Aerovent Fans: Florida Wildfires Fan” Demand for New Water Production Facilities

Florida Wildfires “Fan” Demand for New Water Production Facilities
Aerovent Chosen by Jacksonville Electric Authority & CH2M Hill For Emergency Water Plant Construction Projects

Voluntary water rationing is almost a way of life in Florida. During hot summer months, watering lawns and washing cars are restricted to minimize peak demands on municipal water plants.

Over the past decade, drought conditions have spawned many large forest fires, making water rationing mandatory. At one point several years ago, almost every county in Florida was on fire and thousands of residents were evacuated from their homes. These devastating wildfires magnified the need for newer and larger water production facilities.

The gases and chemicals present in water and wastewater treatment facilities cause corrosion, equipment failures, plant shutdowns, and increased maintenance and operation costs. In some applications, these corrosive gases and chemicals cause odor complaints, unsafe working conditions, and can even be explosive. Chlorine, methane and hydrogen sulfide are lethal gases typical to these industrial facilities. The air handling systems and equipment used in these installations must be designed for each specific application. Standard commercial grade HVAC equipment is not suitable for these types of corrosive environments.

Aerovent equipment has been the basis of design for the City of Jacksonville’s water and wastewater treatment facilities for over ten years. Each fan is custom built to a set of specifications designed for a specific application. For instance, Aerovent’s fiberglass axial “TF” fans are used for forced draft aeration and dilution ventilation for Jacksonville’s ground water reservoirs. A two-million gallon reservoir has six Aerovent 43" TF fans exhausting a total of 120,000 CFM. The TF fans are sized to exhaust one air change per minute, based on the average high and low water levels inside the tanks. Fresh air is drawn through the screened aerators and overflow vents. The large volumes of fresh air mix with the aeration process to dilute and substantially reduce overall levels of corrosive gases. The fans are staggered to distribute the air and eliminate condensation and corrosion on the interior tank surfaces.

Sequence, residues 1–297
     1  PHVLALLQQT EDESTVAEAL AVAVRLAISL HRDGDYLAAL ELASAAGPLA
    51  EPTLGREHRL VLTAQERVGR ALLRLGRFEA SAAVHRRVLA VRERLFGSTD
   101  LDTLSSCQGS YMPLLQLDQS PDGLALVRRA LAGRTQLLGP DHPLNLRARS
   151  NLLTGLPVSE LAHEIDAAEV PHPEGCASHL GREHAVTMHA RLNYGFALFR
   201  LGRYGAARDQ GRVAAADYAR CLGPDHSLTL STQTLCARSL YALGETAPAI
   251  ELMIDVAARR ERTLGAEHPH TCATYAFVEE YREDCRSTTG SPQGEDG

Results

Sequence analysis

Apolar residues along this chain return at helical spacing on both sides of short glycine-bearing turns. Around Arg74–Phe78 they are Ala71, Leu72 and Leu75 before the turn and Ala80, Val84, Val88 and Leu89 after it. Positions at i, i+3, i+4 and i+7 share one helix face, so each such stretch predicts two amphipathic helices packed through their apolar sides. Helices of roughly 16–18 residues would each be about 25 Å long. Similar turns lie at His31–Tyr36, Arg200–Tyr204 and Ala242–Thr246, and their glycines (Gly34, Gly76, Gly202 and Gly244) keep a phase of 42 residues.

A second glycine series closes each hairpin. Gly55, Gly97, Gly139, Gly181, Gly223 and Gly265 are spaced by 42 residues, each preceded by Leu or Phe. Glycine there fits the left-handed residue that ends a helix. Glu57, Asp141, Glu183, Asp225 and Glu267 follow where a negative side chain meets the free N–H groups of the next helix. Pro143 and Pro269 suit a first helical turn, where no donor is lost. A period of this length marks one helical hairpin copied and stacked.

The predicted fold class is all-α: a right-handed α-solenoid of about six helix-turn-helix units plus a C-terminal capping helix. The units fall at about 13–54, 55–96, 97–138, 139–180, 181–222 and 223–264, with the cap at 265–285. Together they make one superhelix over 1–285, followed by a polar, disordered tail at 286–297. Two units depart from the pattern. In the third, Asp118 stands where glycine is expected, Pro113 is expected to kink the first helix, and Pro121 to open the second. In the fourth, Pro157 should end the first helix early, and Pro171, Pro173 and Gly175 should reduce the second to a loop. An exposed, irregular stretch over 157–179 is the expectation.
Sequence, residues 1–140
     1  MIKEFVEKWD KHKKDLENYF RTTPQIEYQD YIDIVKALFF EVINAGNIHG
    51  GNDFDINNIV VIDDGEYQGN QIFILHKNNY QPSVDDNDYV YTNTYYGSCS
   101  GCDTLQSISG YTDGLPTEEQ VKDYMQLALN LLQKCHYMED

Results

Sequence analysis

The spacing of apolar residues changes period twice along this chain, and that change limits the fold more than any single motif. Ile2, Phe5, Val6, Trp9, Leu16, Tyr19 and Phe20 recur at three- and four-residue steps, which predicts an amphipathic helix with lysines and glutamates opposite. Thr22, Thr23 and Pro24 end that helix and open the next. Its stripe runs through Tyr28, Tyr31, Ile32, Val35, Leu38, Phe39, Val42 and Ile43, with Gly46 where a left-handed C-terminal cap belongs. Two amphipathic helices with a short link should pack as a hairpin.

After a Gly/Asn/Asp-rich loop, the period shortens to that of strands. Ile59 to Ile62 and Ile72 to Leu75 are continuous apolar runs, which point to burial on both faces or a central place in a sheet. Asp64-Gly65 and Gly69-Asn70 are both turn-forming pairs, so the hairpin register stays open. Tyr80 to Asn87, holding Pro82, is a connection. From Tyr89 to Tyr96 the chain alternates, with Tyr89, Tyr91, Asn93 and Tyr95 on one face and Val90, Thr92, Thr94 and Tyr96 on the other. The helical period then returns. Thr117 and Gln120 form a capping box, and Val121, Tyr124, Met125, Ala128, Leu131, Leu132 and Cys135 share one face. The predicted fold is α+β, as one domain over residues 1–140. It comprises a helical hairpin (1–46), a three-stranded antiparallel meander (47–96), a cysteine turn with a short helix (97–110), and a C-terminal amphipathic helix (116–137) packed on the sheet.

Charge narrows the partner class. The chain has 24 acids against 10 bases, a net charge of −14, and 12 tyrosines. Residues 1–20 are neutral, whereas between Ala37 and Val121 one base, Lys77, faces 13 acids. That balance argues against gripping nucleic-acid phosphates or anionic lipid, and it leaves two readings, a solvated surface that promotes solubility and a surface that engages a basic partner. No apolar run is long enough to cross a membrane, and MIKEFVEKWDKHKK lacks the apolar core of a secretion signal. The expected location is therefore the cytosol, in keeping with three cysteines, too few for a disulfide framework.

The photograph above shows two reservoirs at the Ridenour Regional Water Treatment Plant with twelve Aerovent 43" TF fans. The Brierwood Water Treatment Plant currently under construction has five reservoirs utilizing twenty Aerovent 43" TF fans. Other completed projects include the Mayo Clinic WTP (6 fans), the Community Hall WTP (6 fans), and the Julington Creek WTP (6 fans).

These municipal water production facilities are required to pass a variety of tests and inspections prior to receiving an operating permit. Insects carry disease and are considered a health hazard. The tank vent fans are inspected by the Department of Health for “insect-proof” construction. Fan curb bases and exhaust dampers are specified with “continuous, insect-proof neoprene gaskets mechanically fastened with 316 stainless steel hardware.” Adhesives are not acceptable because the gaskets of some manufacturers have come off and fallen into the tanks. Improper gaskets will delay the plant operating permit until approved by the Department of Health and accepted by the owner. Aerovent has designed and furnished a special gasket arrangement to meet these requirements. (See Figure 1 and photo at right.)

Rust is also a health hazard on a water production facility. The specifications call for all-fiberglass construction with type 316 stainless steel shaft, motor pedestal, motor slide base, lube lines and hardware, inside and out. Coated or encapsulated steel is not acceptable.